You may not know this, but the concept of the commute is fairly recent.

As of just a couple hundred years ago, it didn’t really exist.

People would live and work in the same area…within an hour’s walk. Many worked from home.

But with the invention of the automobile, we were then able to live and work in separate places…and get from one to the other quickly and without much physical effort.

Thus, the commute was born. Along with it, suburbs, rush-hour traffic and a hole in the ozone.

Today, most of us are used to lengthy commutes. Whether it’s in our own car…trying to get in the fast lane like Office Space…or public transportation like buses and the train…we willingly give up some of our leisure time to live farther from where we work.

For some, that means getting out of the city and living out in nature. For others, it means cheaper rent.

Now this phenomenon has heaps of pros, and cons, that come with it, but today I want to talk cars.

Specifically, cars in the city.

It’s no secret that our city roads can’t handle the sheer volume of people moving about the city.

It’s come to a point where driving short distances around town can be more of a hassle than anything else.

Skirting through traffic…

Dodging construction…

Finding parking…

Getting from A to B rarely turns out to be a simple straight line.

The reason for this is primarily the age of the city. It was likely designed for a much smaller population. Fewer cars. A more compact hub of activity.

But as the city has grown, the old layout struggles to keep the flow moving.

Anyone who drives understands this feeling.


A new sheriff in town

There are heaps of potential solutions out there…like Elon Musk’s Hyperloop or China’s bizarre elevated bus.

Xinhua News

Source: Xinhua News

[Click to open new window]

But one of the most intriguing ideas is one you’ve probably seen in action — bike sharing.

This time last year, a bunch of bumblebee-coloured bikes showed up around Auckland. You could find them propped up against public bike stands near busy city hubs.

Kathryn King from Auckland Transport told The Spinoff that the bikes appeared without any prior contact from the company behind it all, OnzO.

They just showed up.

But it was a welcome sight. Folks at Auckland Transport knew there was a congestion problem…and that bike sharing could be an interesting solution. Bikes, after all, have helped modernise other congested cities like Copenhagen and Amsterdam.

So, the OnzO bikes were allowed to stay…while the urban planners watched carefully. [openx slug=inpost]


Phase two: e-scooters

It must have gone well, because here we are a year later, and the bikes are still there…and now OnzO is taking it up a gear by dabbling with e-scooters too.

About 2,500 yellow and black scooters will hit Auckland’s streets this spring.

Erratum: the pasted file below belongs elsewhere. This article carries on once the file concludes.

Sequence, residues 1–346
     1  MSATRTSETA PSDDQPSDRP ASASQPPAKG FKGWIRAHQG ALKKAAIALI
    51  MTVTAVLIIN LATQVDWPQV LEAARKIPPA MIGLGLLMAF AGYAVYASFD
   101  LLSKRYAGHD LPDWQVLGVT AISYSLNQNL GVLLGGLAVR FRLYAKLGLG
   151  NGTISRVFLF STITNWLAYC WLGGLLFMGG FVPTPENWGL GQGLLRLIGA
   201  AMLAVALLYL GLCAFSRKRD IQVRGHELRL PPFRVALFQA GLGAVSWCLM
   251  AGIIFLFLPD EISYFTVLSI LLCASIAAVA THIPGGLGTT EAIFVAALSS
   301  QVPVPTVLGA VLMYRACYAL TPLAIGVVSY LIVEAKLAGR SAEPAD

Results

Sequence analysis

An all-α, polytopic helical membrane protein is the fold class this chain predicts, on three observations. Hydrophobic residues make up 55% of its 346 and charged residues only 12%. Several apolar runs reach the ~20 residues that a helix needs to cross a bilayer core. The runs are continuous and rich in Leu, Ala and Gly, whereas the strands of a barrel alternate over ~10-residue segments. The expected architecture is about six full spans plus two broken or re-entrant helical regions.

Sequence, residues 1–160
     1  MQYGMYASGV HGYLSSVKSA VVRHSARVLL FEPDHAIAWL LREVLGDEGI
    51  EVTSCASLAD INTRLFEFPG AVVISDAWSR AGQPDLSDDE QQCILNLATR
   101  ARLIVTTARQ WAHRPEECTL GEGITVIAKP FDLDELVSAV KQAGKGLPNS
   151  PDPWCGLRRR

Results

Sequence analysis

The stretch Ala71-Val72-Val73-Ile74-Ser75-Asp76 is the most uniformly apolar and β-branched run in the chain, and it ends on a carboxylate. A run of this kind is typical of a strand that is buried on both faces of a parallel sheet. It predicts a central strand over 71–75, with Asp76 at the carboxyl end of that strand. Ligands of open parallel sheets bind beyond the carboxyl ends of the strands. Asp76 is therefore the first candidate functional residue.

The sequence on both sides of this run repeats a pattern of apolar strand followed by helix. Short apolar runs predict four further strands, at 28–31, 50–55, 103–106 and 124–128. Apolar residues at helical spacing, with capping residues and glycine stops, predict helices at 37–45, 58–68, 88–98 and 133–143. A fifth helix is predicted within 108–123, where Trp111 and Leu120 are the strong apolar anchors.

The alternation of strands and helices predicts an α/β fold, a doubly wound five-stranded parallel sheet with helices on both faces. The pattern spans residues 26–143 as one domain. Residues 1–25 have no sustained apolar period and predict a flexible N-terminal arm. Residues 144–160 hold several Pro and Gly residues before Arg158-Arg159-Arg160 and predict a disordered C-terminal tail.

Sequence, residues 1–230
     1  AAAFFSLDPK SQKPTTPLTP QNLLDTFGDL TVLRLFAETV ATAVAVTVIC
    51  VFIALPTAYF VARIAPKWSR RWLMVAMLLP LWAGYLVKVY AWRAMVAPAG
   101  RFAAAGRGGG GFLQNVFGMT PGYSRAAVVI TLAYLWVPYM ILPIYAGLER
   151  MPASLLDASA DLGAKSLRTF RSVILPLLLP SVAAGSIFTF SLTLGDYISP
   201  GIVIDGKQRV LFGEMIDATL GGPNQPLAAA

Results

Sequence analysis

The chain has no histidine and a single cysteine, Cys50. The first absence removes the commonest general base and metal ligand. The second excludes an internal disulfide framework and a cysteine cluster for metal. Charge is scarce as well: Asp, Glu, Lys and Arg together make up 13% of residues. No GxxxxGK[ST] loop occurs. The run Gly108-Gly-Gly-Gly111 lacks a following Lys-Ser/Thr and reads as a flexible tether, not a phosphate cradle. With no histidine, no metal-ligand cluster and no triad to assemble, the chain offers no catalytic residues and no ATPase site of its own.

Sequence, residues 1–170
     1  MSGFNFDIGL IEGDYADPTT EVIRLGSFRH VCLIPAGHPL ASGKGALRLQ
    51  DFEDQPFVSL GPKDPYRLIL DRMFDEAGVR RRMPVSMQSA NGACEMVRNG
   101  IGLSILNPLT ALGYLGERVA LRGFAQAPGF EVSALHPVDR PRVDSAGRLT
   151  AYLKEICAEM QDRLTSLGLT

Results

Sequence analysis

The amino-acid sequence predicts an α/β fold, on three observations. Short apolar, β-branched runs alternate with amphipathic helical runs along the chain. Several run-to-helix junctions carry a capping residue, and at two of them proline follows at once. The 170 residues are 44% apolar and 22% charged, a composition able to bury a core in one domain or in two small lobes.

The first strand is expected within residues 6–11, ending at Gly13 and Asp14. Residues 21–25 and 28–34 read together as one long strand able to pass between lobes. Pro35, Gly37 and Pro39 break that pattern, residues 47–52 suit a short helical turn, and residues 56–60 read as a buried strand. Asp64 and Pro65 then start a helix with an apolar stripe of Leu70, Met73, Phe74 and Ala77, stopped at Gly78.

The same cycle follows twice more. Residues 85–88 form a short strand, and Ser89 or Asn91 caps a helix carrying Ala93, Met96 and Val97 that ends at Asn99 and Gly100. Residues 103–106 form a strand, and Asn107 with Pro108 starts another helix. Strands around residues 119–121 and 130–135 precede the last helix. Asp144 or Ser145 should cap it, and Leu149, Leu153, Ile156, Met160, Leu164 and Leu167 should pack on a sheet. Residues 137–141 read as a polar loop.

They’ll have a 250W motor, which means you won’t need a permit to ride them. They’ll go about 30 kilometres per hour and can go for about an hour before needing to be recharged.

They’re meant for short trips, like between the bus stop and your office.

I’ve seen similar schemes in action in the States. Companies like Bird and Lime have taken over major cities and you’ll find folks zipping around on scooters on most city footpaths.

In fact, Lime just won a contract to trial their e-scooters in Christchurch this month.

It’s a bit more convenient than bikes because a) they are motorised, b) they are easier to ride, and c) they are much smaller and lighter…which jives better for footpath usage.


But there’s a problem…

The big issue with these sorts of sharing systems is that there are people involved.

And when people are involved, things often run off course.

For example, think about OnzO’s bikes now.

They’ll often start the day near the central part of the city…but as the day goes on, they end up further and further downhill. No one wants to ride them uphill.

By midnight, they end up near the harbour or thrown in by drunks.

A vicious cycle (pardon the pun).

I experienced something similar with a bike sharing programme in Baltimore, USA.

It started off fine, but eventually the bikes became easy targets for vandals.

Bikes were found in trees. Others burnt to a crisp. Many were torn apart. Heaps were simply tossed in the Patapsco River.

So, will New Zealand’s schemes have a similar ending?


These new schemes have the odds stacked against them from the beginning.

For one, the companies are still working out the kinks. They’re still learning how it all should work. Imperfections in the process make failure more likely.

At the same time, regulators aren’t sure how to handle it. Who’s liable? And for what?

And lastly, society as a whole is trying to figure out what to think. It’s new. It’s different. It could jeopardise the old paradigms. For example, do scooters belong on our narrow footpaths with pedestrians? If so, how can both groups operate safely?

Amongst all of that, you’ll have your normal groups of thugs and vandals taking their toll on the scheme.

I hope OnzO makes it out alive; I’m rooting for them. I think New Zealand’s cities will be better off for it.

But it’s going to be a long road to get there…if our batteries don’t run out first.

Taylor Kee
Editor, Money Morning New Zealand